As Change sees it, it is not healthy for the future of Kurdistan that warring parties consistently remain in power. "We believe that the future of Iraqi Kurdistan lies with the hopes of our young people here, and also we strongly believe that the rights of women should be respected," Mufti said. "Many people stayed home on election day because they are tired of more elections with the same faces over and over."

According to Change, the recent KRG election was plagued with many of the same problems as have allegedly effected the recent Afghan presidential elections. Ballot-stuffing, vote-buying, bussing in voters and tampering with the ink used to stain voters fingers' had skewed votes toward the traditional players in Kurdistan, he said.

Mufti optimistically described Change's success as an incremental step taken towards reform in Kurdistan's political system, which he said may offer a safer path toward future stability rather than shocking the system all at once. "A gradual process [of reform] is best for us as well as the Americans."

He said he believed much of the voter fraud that occurred must have taken place with a least a minimal acquiescence of the Americans, who might fear a change in the status quo in Iraq's only regularly stable region. Barzani and Talabani, once bitter enemies in the Kurdish civil war, now appear together on billboards and carpets around Iraqi Kurdistan as a visual proclamation of Kurdish unity.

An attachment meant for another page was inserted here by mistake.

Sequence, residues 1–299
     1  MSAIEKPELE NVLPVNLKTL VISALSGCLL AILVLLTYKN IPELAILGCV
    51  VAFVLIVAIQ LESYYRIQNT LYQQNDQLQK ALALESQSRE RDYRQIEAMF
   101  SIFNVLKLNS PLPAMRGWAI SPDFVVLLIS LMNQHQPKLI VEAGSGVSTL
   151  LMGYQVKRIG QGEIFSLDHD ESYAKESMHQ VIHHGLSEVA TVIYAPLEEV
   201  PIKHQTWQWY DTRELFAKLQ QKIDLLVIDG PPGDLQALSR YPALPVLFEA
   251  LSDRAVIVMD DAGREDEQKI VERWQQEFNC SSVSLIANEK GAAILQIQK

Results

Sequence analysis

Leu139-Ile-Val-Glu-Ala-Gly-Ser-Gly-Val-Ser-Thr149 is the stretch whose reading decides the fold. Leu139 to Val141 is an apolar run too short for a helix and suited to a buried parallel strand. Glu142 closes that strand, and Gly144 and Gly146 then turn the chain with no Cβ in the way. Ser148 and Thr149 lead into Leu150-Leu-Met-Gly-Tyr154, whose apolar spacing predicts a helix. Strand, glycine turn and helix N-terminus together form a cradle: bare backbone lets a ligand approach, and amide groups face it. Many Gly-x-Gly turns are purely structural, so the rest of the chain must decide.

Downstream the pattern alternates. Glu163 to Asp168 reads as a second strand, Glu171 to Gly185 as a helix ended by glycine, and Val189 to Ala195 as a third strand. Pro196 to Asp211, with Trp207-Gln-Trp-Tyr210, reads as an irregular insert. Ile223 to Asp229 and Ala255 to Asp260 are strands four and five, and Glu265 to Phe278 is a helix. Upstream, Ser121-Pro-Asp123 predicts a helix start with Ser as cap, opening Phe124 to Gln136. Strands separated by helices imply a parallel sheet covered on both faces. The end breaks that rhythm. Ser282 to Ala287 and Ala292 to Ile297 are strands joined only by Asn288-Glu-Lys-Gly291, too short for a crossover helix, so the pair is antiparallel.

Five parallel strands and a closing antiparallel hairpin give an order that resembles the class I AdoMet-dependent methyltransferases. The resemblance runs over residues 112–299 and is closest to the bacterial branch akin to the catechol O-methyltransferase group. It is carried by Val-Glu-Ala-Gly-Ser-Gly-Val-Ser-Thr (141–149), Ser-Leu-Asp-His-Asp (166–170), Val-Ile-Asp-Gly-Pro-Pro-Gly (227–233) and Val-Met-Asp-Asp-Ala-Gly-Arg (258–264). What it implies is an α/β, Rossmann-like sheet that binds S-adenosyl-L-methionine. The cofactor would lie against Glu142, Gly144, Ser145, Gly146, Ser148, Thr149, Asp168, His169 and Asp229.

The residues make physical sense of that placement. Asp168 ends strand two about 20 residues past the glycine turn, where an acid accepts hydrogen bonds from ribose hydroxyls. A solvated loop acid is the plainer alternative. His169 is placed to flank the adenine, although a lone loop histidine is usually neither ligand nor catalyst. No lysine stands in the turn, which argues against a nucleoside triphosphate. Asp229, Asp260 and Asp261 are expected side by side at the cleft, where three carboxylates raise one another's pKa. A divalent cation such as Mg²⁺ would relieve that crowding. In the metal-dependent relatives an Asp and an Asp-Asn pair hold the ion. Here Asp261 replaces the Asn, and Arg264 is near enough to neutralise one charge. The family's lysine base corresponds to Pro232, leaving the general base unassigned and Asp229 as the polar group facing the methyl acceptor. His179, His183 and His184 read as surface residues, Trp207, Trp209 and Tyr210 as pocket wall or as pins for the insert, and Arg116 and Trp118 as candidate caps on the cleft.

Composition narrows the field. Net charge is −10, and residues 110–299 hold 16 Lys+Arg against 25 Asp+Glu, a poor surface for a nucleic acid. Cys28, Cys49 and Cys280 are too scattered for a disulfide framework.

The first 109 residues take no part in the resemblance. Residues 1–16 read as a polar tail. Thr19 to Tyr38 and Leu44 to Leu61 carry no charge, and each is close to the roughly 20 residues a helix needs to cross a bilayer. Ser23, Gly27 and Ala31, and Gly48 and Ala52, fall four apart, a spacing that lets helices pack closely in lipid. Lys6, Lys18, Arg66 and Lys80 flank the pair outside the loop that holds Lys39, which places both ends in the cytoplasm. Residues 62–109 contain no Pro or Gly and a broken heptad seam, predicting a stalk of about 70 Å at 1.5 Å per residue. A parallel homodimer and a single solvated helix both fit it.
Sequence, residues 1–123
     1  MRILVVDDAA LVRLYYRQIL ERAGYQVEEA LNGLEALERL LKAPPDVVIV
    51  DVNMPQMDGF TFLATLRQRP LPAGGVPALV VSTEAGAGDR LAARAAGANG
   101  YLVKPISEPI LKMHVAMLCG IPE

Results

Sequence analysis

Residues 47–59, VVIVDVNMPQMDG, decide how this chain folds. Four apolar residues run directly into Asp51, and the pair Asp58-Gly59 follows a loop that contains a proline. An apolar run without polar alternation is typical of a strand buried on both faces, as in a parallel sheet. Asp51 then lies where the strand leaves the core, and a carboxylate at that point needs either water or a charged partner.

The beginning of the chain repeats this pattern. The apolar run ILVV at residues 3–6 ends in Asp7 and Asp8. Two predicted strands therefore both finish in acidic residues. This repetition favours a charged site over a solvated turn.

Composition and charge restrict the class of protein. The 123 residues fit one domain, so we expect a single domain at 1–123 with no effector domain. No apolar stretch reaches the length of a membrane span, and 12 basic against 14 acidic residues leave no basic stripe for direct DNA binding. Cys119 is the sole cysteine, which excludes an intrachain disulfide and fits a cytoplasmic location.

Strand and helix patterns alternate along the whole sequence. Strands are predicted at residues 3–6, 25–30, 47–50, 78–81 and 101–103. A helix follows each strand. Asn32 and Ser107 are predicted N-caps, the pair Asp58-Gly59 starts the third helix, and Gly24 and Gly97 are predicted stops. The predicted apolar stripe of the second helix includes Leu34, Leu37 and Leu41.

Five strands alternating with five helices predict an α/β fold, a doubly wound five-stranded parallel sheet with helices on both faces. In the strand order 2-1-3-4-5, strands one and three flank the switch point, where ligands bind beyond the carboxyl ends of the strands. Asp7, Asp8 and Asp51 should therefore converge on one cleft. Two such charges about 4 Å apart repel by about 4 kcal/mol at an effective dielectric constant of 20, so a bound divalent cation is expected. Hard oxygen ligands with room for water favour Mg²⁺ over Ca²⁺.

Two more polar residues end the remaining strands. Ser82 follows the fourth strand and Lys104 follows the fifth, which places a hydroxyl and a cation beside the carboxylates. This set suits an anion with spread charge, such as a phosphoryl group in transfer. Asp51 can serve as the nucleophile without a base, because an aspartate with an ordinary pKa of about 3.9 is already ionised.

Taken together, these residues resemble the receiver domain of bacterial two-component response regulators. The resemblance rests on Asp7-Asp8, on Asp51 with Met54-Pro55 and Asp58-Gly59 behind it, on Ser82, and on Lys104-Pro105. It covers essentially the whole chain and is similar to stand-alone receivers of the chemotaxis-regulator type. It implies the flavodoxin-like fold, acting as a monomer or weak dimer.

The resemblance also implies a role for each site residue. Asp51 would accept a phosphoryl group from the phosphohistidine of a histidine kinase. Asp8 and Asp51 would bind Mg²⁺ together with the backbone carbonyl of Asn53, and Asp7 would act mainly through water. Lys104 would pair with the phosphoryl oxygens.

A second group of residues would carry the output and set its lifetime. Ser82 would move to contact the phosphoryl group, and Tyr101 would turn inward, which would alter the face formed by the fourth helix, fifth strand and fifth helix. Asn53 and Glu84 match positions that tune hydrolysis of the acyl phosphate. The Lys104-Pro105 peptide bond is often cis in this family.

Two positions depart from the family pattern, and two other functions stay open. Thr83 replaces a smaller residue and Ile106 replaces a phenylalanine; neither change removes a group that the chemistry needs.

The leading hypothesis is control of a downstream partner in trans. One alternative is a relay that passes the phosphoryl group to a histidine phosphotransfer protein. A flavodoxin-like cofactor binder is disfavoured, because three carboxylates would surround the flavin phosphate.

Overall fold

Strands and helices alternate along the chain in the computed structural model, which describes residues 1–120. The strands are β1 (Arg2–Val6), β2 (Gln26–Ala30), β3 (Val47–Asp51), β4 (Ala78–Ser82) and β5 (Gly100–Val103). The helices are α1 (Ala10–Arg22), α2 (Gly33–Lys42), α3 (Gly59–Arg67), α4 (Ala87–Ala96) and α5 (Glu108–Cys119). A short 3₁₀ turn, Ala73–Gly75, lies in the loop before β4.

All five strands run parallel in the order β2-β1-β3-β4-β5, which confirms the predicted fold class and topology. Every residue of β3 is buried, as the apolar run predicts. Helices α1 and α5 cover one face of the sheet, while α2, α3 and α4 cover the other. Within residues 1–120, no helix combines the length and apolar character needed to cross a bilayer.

But what unites these very different men is their political and military allegiances to their American sponsors and shared sense of the "Other" with regard to Arab Iraq. Barzani appears as the regal tribal chieftain in traditional baggy shalvar trousers and a kaffiyeh (scarf), while a bespectacled Talabani looks somewhat academic in his suits and relatively Western appearance.

Iraq's Kurdistan region hosts dissident Kurdish groups from across the dismembered segments of post-Ottoman "Greater Kurdistan" (Syria, Turkey and Iran). These groups operate in a mountainous areas devoid of governance outside of the KRG's formal control in the tri-border area of Iraq, Iran and Turkey.

Mufti described the Turks as the obvious regional leader and said that steps taken by the Recep Tayyip Erdogan government towards improving the situation for Turkey's own Kurdish population may help to set an example for Iran, and possibly even Syria, to follow.